A historic beauty in the midst of Kedleston Park, Kedleston Hall marks an era in English history when country houses were large, and built for entertaining the upper classes. This mansion in particular has been built for lavish entertaining, as evident by the furniture and artwork it bears amongst its midst. Kedleston Hall has an excellent display of goods from the 12th c. onwards. It is in fact an accredited museum.
Part of the house is more historical than others, where the Curzon family is said to have inhabited it from the late 13th c. The majority of the current structure, however, dates back to the 18th c. when Sir Nathaniel Curzon, the first Baron Scarsdale, commissioned the building in the mid-18th c. The architecture, therefore, is very much neoclassical and is the work of a Robert Adam. Adam wasn’t a very well-known architect at the time, and he got acquainted to Sir Curzon from some garden temples he worked on at the park itself. Sir Curzon was impressed, and Adam hired work on Kedleston Hall, allowing him to join the race for architectural glory in Derbyshire.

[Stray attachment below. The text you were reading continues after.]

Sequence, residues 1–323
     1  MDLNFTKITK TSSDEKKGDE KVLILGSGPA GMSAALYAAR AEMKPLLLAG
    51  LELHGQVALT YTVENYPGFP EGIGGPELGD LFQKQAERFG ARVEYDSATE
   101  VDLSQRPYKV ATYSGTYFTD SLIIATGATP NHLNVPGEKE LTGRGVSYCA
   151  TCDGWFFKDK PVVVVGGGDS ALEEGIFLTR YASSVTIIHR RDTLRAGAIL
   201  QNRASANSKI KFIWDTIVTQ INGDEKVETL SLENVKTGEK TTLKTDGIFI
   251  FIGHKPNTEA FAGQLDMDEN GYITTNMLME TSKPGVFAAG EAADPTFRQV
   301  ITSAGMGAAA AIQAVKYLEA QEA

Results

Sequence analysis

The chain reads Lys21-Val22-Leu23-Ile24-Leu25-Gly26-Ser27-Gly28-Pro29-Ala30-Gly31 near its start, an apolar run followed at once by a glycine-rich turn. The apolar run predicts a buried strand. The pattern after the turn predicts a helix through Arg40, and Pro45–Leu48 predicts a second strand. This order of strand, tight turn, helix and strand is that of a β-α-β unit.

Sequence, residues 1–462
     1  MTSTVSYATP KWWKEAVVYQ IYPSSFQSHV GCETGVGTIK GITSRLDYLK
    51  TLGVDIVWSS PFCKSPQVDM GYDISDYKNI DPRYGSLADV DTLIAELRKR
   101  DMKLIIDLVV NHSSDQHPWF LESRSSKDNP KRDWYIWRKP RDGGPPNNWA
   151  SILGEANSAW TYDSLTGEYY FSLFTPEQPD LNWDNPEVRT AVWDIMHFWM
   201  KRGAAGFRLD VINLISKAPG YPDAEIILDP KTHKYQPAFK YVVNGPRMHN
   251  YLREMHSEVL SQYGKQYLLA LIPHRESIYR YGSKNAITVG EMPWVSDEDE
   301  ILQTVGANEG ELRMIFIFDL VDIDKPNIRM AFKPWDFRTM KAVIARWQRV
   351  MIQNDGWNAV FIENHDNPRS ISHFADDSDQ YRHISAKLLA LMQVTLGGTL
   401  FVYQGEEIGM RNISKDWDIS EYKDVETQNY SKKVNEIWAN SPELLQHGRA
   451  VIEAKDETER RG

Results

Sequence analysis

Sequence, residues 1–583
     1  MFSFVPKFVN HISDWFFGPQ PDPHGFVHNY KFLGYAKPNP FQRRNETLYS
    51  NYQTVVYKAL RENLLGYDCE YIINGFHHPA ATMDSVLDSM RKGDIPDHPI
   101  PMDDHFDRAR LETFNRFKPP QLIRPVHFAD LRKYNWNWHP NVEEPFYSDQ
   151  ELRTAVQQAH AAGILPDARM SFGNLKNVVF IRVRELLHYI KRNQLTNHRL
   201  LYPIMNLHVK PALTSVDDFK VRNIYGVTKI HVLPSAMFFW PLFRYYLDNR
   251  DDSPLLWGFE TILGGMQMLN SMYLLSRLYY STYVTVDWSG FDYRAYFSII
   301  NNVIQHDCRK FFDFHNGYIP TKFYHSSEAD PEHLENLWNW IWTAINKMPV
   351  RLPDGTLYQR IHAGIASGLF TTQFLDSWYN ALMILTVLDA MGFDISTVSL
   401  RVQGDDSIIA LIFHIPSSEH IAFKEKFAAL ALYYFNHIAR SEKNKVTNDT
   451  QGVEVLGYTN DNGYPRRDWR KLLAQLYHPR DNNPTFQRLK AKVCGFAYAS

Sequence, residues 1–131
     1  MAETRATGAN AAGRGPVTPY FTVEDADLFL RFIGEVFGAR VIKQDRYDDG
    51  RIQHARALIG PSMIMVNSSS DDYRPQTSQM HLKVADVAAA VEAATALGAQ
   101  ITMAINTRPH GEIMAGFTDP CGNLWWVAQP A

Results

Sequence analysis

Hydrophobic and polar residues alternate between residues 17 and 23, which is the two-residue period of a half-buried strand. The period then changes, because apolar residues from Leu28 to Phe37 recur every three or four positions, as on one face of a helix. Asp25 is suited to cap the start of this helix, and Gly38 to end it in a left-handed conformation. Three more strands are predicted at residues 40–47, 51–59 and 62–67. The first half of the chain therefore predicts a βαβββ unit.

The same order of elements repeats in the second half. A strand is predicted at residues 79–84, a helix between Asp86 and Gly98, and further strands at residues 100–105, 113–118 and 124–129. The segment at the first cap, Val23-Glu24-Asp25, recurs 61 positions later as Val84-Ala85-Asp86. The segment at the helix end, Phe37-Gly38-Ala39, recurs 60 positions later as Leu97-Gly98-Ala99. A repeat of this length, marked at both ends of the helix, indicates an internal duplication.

Located near Quarndon in Derbyshire, the mansion is in a very serene area of the countryside. The nearest A road to the park is the A52, heading North West from Derby city. Kedleston Park is well signposted from this road, which should help you find it. There are 50 parking spots for visitors, where you will have to pick up your permit from the Park entrance. There are further spaces for blue badge holders, which is no more than 200 yards from Kedleston Hall.
Strolling in the park will work up your appetite, and it’s always advisable to come prepared for these sorts of days out. Just a mere scroll away is a great selection of places to eat near Kedleston Hall. Being amidst the park you may think that there aren’t many restaurants near Kedleston Hall, however everything listed here is within a mere 15 mile radius. Have a look and book a table today for the best restaurants around Kedleston hall.
Did you know the north entrance is very majestically Roman, where you almost feel like you are visiting the White House in Washington DC?